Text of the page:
We’re beginning to see what the next generation of successful companies will look like.

Read the full article at: www.bain.com

Hello, business leaders.  Check out the last part of this article.  It’s talking directly to you. “Leading and working in a firm of the future will feel different. It will sometimes feel as if you are venture capitalists…Other aspects will feel like a professional services firm… And still other aspects will feel more similar to a scale start-up…”

Hmmm…interesting.  Got your attention?

In our blog on Monday, we talked about business changes the authors predict will come by 2027.  They conclude that business is shifting from shareholders (“shareholder primacy” in place since the ‘70’s) to focus on customers and employees.  “Jack Ma, founder and executive chairman of Alibaba Group, puts it clearly: ‘Customers are No. 1, employees are No. 2, and shareholders are No. 3.’ “

The effect of this (and other influences discussed in the article) is “the biggest change in business since the 1970s. The fundamental goals of strategy will not change: Companies will still win by achieving a lower or better cost position, delivering superior customer experiences, or controlling an industry standard. But virtually every element of how firms pursue these strategic goals will look quite different.”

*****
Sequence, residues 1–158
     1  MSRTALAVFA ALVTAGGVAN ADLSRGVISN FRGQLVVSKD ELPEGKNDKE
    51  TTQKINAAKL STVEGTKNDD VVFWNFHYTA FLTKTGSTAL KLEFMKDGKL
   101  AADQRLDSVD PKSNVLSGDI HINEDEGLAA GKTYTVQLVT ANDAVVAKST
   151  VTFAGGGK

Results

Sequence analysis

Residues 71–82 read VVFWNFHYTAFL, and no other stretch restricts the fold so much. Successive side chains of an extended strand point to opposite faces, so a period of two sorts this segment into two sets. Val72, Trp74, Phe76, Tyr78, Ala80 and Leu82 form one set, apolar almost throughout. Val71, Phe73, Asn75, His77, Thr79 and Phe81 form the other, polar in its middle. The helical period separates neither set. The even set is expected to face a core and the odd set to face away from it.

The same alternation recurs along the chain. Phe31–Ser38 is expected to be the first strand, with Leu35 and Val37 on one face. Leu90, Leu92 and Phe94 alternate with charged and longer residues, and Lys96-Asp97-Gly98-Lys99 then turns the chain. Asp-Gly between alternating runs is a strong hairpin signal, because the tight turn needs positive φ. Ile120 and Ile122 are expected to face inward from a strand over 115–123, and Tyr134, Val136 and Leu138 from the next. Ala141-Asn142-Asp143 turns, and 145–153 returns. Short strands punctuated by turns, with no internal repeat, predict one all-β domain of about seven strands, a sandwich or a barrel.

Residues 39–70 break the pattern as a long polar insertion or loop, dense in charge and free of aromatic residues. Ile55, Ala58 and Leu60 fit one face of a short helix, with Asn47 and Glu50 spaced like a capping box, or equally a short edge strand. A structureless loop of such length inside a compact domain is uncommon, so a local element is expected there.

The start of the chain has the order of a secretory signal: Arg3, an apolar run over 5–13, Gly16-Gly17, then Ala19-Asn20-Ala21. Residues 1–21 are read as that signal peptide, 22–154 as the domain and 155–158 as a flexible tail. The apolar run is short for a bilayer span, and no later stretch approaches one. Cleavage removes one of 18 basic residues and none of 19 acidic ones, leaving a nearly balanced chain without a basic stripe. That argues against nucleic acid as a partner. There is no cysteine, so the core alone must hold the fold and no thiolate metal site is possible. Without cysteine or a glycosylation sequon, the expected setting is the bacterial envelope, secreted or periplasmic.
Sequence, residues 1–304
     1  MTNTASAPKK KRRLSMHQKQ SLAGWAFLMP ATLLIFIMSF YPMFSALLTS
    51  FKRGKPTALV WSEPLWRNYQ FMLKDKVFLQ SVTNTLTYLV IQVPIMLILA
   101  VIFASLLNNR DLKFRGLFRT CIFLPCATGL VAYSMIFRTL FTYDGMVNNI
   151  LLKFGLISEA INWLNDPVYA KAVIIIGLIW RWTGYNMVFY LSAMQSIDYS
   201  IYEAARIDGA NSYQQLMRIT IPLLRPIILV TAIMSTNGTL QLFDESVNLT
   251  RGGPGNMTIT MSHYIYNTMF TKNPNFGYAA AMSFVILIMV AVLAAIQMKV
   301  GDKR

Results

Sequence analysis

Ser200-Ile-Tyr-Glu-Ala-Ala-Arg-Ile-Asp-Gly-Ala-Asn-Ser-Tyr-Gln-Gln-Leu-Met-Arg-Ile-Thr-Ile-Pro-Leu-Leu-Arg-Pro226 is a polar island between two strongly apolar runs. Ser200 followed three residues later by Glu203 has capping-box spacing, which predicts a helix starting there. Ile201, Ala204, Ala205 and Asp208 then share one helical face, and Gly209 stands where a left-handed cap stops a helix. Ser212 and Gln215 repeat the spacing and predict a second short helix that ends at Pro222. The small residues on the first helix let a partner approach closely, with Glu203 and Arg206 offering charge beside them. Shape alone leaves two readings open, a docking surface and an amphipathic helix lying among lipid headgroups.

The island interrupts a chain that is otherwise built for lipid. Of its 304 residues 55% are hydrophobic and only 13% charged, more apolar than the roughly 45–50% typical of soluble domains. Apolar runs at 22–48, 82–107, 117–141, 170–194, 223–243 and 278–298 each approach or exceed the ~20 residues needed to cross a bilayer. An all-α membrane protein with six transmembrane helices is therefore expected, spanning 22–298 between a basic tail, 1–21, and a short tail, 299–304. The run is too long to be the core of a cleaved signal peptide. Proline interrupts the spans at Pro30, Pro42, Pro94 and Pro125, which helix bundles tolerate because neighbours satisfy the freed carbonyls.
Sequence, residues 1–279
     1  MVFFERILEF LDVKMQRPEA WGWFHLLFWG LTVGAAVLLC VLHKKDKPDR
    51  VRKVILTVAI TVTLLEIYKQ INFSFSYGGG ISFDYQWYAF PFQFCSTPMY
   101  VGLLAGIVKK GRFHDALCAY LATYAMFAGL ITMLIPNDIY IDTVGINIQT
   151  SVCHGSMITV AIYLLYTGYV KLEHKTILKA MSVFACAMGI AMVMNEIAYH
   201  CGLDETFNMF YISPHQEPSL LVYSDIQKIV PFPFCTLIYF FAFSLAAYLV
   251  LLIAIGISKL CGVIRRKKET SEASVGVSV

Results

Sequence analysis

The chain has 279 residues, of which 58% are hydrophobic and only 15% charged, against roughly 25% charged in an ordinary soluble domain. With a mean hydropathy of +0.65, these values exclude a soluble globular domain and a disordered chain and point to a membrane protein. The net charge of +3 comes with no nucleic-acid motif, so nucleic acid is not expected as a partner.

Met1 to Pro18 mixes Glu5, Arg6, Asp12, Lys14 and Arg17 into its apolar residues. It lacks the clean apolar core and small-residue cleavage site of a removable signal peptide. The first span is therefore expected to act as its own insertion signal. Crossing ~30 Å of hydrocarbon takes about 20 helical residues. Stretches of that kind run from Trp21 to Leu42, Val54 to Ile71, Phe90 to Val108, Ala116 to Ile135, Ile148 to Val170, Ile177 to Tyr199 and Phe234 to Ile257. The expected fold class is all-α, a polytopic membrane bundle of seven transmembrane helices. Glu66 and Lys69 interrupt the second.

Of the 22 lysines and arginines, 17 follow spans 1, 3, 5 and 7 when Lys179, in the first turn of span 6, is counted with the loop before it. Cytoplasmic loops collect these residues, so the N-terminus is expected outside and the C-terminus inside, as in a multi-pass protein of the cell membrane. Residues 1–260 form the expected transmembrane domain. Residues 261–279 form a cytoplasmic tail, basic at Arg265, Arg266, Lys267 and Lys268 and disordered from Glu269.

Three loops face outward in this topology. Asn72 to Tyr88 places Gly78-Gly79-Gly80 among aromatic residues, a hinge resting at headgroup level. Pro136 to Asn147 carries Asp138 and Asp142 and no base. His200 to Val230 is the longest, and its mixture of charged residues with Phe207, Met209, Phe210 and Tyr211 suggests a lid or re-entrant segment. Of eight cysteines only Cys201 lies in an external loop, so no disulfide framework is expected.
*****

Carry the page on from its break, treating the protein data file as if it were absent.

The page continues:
And here’s where it impacts you, the leaders. “Putting all this in place will be a profound leadership challenge. At an organizational level, many new capabilities will be needed: new technology assets and skills, new deals for talent, new and expanded types of partnerships, new managerial tools and metrics, new balance sheet approaches. At an individual level, leaders will need to evolve their own skills, shifting from management to inspiration and coaching, adding value through enabling the mission-critical roles rather than controlling information flows, building strong cultures not just within the firm but with partners as well. They will also need to guide their people through the mother of all change-management journeys.

“Previous shifts in eras have seen more failures to adapt than success stories of navigating the transition. Many companies have done it once or twice (IBM, Coca-Cola, Goldman Sachs), and firms such as GE and Nestlé have done it as many as three times. But these shifts are rare enough that most leaders have no direct experience with them…”

Still got your attention?

Contact us and we can help you understand and prepare for the leadership challenges that await you in the changing business world.